Coppola & Melonakis Blog

What is the “Seat Belt” Defense?

Boxing legend Muhammad Ali once said, “Superman don’t need no seat belt.” He might be right, but the rest of us do. According to the National Highway Traffic and Safety Administration, in 2013 2.31 million people were injured in motor vehicle traffic crashes. Among those fatally injured, nearly half were not wearing a seat belt. Clearly, seat belts save lives, but they also decrease the severity of non-fatal injuries. Yet, with over 60 years of combined experience helping thousands of  people injured in car crashes, we are constantly amazed by how many people still don’t wear a seat belt when driving in a car.

Not wearing a seat belt is not only hazardous to your health, but can also seriously impact the value of a subsequent personal injury case, even for those not at fault in the accident. Colorado has enacted legislation allowing the jury to reduce an injured party’s recovery in a personal injury case if the injured party was not wearing a seat belt. Commonly known as the” Seat Belt Defense,” evidence of seat belt non-use “shall be admissible to mitigate damages with respect to any person who was involved in a motor accident and who seeks in any subsequent litigation to recover damages for injuries resulting from the accident.” Colorado Revised Statutes section 42-4-237(7).

Generally, in personal injury cases the injured party is entitled to seek economic damages, non-economic damages, and damages for physical disfigurement and permanent impairment. Economic damages typically include things like medical expenses and loss of income, while non-economic damages include damages for impairment of quality of life, inconvenience, and pain and suffering. Originally, the seat belt law only mitigated a plaintiff’s “pain and suffering” damages, but Colorado courts have recently expanded the law to include all non-economic damages. Because non-economic damages can make up a sizable portion of a car accident victim’s total harms and losses, any reduction can drastically decrease a victim’s total recovery from the responsible driver’s automobile insurance company. Fortunately, non-economic damages for physical disfigurement and permanent impairment are not subject to reduction by the seat belt defense.

Although the failure to wear a seat belt does not prohibit a personal injury claim outright, in many states, it is evidence of a plaintiff’s comparative fault. Comparative fault means that the jury will consider whether the plaintiff was partially at fault for causing the accident and resulting injuries. In many states, if the plaintiff’s fault, or contributory negligence, is equal to or greater than that of the defendant, the plaintiff will not be allowed to recover anything from the person who caused the crash. In other words, if the jury assigns greater than 50% of fault to the plaintiff, the plaintiff will not recover anything. If the jury assigns less than 50%, the amount of the plaintiff’s recovery is reduced by the percentage of his or her fault. In Colorado, however, the failure to wear a seat belt is not a proper consideration in determining the degree of the injured victim’s comparative negligence. Rather, it is only relevant to determine whether the injured victim’s non-economic damages should be reduced. Logically, it makes sense. The failure to wear a seat belt did not contribute to the cause the accident, itself,  but it can be argued that the plaintiff’s injuries were more severe than they would have been had he or she been wearing a seat belt as required by law.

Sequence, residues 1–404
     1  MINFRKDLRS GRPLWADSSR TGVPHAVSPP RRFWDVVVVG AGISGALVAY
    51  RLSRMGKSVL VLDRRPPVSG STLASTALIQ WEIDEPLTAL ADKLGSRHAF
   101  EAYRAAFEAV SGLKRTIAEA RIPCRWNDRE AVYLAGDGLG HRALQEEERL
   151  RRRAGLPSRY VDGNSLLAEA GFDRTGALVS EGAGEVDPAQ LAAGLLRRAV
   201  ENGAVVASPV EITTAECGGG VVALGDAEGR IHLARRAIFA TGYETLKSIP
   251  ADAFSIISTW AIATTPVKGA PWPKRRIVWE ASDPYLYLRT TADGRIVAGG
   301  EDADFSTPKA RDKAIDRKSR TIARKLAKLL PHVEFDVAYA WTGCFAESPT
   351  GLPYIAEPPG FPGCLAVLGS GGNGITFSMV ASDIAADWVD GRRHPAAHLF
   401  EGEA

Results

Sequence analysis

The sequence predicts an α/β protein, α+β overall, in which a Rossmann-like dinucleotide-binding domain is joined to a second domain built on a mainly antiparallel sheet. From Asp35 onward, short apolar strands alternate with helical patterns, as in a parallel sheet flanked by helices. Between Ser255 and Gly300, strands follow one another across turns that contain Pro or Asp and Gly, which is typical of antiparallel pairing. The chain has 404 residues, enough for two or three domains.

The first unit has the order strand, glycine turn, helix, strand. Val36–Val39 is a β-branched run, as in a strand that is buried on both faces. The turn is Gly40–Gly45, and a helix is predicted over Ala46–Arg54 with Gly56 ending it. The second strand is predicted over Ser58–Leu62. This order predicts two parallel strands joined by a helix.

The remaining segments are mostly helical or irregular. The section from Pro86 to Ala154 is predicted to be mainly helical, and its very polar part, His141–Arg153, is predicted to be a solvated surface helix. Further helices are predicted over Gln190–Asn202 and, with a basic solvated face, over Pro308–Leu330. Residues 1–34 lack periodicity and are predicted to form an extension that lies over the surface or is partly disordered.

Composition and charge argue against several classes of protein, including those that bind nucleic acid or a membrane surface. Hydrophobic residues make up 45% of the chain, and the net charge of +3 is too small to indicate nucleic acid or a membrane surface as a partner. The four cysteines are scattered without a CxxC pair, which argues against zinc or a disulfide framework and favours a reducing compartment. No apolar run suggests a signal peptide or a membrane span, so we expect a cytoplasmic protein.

If a defendant whose negligence caused a car crash chooses to raise the seat belt defense, the defendant merely needs to prove the injured party was not wearing a seat belt at the time of the accident. This is usually not a difficult standard to meet, because in most cases it is relatively clear whether or not the injured party was wearing a seat belt at the time of the crash. Importantly, the defendant is not required to prove a causal relationship between the plaintiff’s non-use of a seat belt and non-economic damages. All the defendant has to do is prove the plaintiff was not wearing a seat belt at the time of the accident, and then it is within the sole discretion of the jury to consider whether it believes that the injuries and the non-economic consequences could have been avoided or minimized had the victim worn a seat belt. If it believes so, the jury can choose to award the plaintiff nothing, i.e., zero dollars,  for non-economic damages. To counter the seat belt defense, the plaintiff may produce evidence that seat belt non-use did not cause the plaintiff’s injuries, or some injuries would have occurred regardless of that non-use.

The bottom line is that not wearing a seat belt will not only increase your risk of serious injury or death, but it also can potentially impact your compensation if you are injured in an accident caused by the negligence of another driver. If you were injured in a car crash in which any of the parties were not wearing their seat belts, you should contact an auto accident attorney as soon as possible to determine how best to approach your potential case.

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